Murray spots a tripwire in a dark financial forest

David Murray's criticisms of easy central bank cash were obvious but his take on a looming banking handbrake is interesting – that is, should there be a recovery and not another crisis.

David Murray isn’t one to pull his punches and he let a few fly at governments, central bankers and bank regulators at an event organised by The Economist in Sydney today. There were some underlying truths to his comments.

It is hard to argue with his statement that the massive quantitative easing programs being run by central banks in the US, Europe and Japan are creating "significant distortions" in the global economy and asset markets.

It’s equally hard to refute his view that governments prefer to "issue bonds" – run deficits – to buy votes and promise entitlements to avoid having to embark on unpopular structural changes within the new 24-7 media and communications environment.

There will be some who might disagree with the former Commonwealth Bank chief executive and Future Fund chairman’s view that the international banking regulator, the Basel Committee, had responded too aggressively to the financial crisis with its raft of tougher prudential rules, although there is some legitimacy to his view that the impact of the new capital and liquidity regimes on already weak economies has been contractionary.

"If the banking system is the gear box of the economy, then Basel III stripped out over-drive and top gear at the wrong moment," he said.

The quantitative easing programs have encouraged sometimes extreme volatility in financial markets as investors with access to extremely low-cost funding have elevated return over risk.

It won’t be clear until those programs are wound back whether that has created new asset price bubbles and threats to the underlying stability of the global financial system but there is some risk that it has.

The recent turmoil ignited by the 'will they, won’t they' debates about the start of a tapering of the US QE III bond and mortgage buying program underscores how sensitive investors and markets are to these programs, which suggests there is some potential for unpleasant outcomes when the program is eventually withdrawn.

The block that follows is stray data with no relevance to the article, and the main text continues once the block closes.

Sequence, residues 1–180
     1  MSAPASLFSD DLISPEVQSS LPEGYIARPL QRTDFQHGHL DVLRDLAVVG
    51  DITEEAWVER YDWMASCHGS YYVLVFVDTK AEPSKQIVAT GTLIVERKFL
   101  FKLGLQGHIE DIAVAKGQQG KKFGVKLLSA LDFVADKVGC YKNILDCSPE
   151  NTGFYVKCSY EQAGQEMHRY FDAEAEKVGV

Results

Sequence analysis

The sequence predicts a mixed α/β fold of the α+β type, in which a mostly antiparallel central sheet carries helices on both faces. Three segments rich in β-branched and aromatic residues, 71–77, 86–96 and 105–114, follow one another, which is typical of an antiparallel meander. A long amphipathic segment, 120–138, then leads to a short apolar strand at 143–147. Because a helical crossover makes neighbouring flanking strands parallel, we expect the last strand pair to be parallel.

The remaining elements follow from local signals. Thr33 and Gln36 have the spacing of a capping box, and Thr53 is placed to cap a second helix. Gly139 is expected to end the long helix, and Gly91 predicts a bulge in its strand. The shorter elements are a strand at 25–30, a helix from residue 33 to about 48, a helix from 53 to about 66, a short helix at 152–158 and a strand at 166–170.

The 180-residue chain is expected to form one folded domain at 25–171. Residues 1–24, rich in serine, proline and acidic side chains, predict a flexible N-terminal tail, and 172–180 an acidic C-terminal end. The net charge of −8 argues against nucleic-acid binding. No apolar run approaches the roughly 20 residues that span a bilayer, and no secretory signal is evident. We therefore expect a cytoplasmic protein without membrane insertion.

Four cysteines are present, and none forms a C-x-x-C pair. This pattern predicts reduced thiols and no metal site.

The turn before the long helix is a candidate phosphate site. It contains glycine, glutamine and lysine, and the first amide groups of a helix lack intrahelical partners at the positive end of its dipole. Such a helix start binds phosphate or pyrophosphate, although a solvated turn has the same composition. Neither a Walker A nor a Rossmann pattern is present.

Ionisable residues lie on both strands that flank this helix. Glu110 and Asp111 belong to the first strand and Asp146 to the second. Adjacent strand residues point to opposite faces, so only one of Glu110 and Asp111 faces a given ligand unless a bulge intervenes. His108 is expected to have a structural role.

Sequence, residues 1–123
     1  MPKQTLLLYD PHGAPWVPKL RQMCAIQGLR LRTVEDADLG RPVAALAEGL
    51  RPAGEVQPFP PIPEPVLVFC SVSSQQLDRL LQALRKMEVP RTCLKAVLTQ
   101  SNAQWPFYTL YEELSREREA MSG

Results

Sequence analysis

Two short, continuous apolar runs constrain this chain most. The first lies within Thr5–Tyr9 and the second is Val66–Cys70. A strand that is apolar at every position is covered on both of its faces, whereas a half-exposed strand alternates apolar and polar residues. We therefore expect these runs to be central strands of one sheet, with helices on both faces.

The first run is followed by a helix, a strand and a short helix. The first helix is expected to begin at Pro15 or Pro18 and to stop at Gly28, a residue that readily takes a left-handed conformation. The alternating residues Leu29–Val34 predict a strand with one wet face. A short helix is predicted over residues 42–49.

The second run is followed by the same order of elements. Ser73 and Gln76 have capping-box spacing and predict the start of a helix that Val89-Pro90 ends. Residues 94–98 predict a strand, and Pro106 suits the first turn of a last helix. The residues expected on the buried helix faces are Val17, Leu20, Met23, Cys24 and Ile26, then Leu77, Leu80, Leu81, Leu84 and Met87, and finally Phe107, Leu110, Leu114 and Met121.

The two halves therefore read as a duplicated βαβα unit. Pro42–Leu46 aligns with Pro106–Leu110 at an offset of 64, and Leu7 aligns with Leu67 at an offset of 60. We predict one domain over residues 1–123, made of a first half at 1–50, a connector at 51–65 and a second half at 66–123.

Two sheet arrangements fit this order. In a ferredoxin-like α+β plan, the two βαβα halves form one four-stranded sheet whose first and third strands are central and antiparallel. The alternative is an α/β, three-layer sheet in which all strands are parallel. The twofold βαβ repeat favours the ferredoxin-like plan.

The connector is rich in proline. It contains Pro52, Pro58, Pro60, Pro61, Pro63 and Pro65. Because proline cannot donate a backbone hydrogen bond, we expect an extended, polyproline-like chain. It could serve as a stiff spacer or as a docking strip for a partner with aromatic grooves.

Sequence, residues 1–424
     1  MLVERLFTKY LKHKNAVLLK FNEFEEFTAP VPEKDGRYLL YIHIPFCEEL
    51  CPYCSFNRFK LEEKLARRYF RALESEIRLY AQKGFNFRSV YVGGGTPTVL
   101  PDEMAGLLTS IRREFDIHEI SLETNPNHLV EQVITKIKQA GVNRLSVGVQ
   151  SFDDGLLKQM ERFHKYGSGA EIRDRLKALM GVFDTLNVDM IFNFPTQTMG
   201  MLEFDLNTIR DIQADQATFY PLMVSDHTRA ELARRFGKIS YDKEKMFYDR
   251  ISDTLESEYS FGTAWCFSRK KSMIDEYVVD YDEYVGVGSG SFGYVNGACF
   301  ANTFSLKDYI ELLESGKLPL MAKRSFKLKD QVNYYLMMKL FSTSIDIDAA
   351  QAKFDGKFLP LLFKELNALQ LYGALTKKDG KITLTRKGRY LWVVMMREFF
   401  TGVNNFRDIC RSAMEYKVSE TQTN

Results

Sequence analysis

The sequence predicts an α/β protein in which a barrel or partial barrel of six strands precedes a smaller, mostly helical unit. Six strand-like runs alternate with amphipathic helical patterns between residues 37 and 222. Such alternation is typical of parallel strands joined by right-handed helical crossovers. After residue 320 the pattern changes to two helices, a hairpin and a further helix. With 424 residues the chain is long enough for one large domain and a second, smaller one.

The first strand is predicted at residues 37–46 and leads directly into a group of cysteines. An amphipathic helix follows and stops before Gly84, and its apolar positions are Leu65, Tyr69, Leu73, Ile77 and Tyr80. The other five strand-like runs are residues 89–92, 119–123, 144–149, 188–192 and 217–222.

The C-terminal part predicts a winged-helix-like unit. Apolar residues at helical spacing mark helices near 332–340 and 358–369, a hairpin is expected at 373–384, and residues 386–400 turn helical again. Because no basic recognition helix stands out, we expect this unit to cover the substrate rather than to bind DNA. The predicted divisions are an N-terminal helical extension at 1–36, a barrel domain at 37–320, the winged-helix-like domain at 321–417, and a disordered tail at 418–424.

It is probably too big a call to say that central banks have resorted to these massive and open-ended and potentially harmful programs because governments had failed to confront their debt and deficits – there are counter arguments about the impact of austerity programs on recessed economies.

It is true, however, that some governments, have been slow to do anything meaningful to address the structural issues in their economies and banking systems (other than shift profits from savers to banks) and that the eurozone in particular (other than in applying real austerity on southern Europe) has done nothing to address the fundamental structural flaws in the eurozone itself that were laid bare by the crisis.

The Basel Committee’s prescription for the global banking system of more and higher quality capital, more and higher quality liquidity, leverage caps and more consistency in regulation and disclosure will have an impact on the capacity of banks to fund growth when growth returns.

There is a debate here, with a much stronger banking system than most economies, about the ability of the Australian banks to fund business lending when demand picks up now that it is clear that they can’t and won’t return – and wouldn’t be allowed – to their pre-crisis levels of reliance on offshore wholesale debt markets.

If alternative and competitive sources of debt aren’t developed that will act as a limiter of economic growth.

There is an alternate source of funding within the superannuation system but the super funds don’t have the infrastructure or credit evaluation skills to provide funding to small and medium-sized businesses.

It may require a massive reinvigoration of domestic securitised debt markets and the development of a functioning corporate bond market for the banks and larger companies to get funds to flow out of the super system and into markets that have in the past been funded off bank balance sheets.

The impact of tighter prudential regulation on the real economy, or at least on the extent to which regulation should be tightened, is an issue worthy of discussion – but the post-crisis reality is that much tighter and internationally harmonised regulation has been inevitable and necessary regardless of the economic impacts.

A legitimate concern is that by limiting the capacity of banks to lend profitably, regulators will drive activity off their balance sheets and into the shadow banking system.

If there are likely to be unintended consequences from tougher regulation of banks it is even more likely that there will be unintended consequences from the easy money policies of central banks.

The prolonged period of quantitative easings and the impact on banking systems of the host of restrictive new regulations (not just from the Basel Committee but some very heavy-handed proposed new country-specific overlays that could have international implications) will inevitably have repercussions at some point that are uncertain but likely to be unpleasant.

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